Delta Airlines: Possibly the Most Bizarre Story Ever

I need to get out a word about my surreal adventure with Delta Airlines. It’s not so much that I almost didn’t get a seat on my own flight because they decided to shuffle a bunch of people from LAX who’d had canceled flights. Oh no. The most bizarre thing happened when I went to pick up my luggage at baggage claim.

I was wearing bad shoes that were hurting my feet, so I decided to grab my bag, open it in the baggage claim area, and put on another pair of shoes before dealing with taxis and so forth.

When I wheeled the SmartCart with my bags over to a row of chairs, I sat and bent forward to yank the zipper, only to discover that a lock I didn’t recognize had been put on my two main zipper flaps, which meant I couldn’t open my bag. Some jackass with Delta or TSA had grabbed another person’s lock — one of those little Dear Diary numbers that needs The World’s Tiniest Key — and slapped it on my bag.

I never use locks anymore. The only time my bag is out of my sight is when it’s with the airline and I can’t use “real” locks on those bags anyway, so what’s the point? Also, where did they get the lock that wasn’t TSA-approved? They had to have taken it from someone else’s bag — perhaps from a pocket, or maybe it was hanging unlocked from a zipper — and put it on my own. The locks that came with the suitcase were in the top pocket with the matching keys. They certainly didn’t get this thing from me.

I wheeled my bags back to the baggage claim office and showed them the problem, trying not to explode with expletives on them because I figured that wouldn’t help me in Mormon Land. Unable to find bolt cutters, one guy molested the key opening with the pointy end of a pair of scissors. When that didn’t work, he said, “Sorry, but there isn’t anything else we can do.”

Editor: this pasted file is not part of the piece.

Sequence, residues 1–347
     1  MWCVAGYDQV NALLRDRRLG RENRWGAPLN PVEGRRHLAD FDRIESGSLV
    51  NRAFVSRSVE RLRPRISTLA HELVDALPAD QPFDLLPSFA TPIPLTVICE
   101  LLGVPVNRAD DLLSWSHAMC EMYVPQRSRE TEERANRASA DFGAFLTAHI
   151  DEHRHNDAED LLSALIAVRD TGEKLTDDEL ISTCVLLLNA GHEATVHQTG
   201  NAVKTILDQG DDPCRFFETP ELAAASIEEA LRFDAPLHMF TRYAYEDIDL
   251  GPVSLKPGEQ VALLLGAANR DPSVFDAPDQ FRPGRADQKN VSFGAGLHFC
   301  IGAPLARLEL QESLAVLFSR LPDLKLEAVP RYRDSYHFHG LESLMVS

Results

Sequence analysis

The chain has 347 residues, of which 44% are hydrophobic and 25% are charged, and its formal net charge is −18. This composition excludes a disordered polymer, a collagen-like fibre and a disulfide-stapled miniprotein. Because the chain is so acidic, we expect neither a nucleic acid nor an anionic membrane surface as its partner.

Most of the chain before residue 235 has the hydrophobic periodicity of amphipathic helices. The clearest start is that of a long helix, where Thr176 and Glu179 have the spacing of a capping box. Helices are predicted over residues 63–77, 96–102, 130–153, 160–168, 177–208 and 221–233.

I said, still trying to restrain Pele, “Yes, actually, I believe there is more you can do. Could you please take me to TSA and ask them to use bolt cutters on my bag? If I walk there myself, they’re going to think I’m a lunatic, when in fact this is probably Delta’s fault.”

The scissor guy just stared at me. But another Delta guy who’d been listening — tall, Lurch-like, but with a sweet smile that showed off large, straight teeth — cheerfully offered to take me. “I’ll go with you. It’s no problem.” I thanked him profusely and off we went.

We wheeled over to TSA, where he spoke with someone as I waited by the cart. After we started to wheel over to another part of the airport, he eyed the bag and stopped suddenly.

“Can I try to pull on the lock?” he asked.

“Sure! Please!” I said, eying his massive hands.

With that, he reached over and wrenched it off. I hugged the life out of him.

No thanks to Hellta Airlines, I finally got to my hotel and not a moment too soon.

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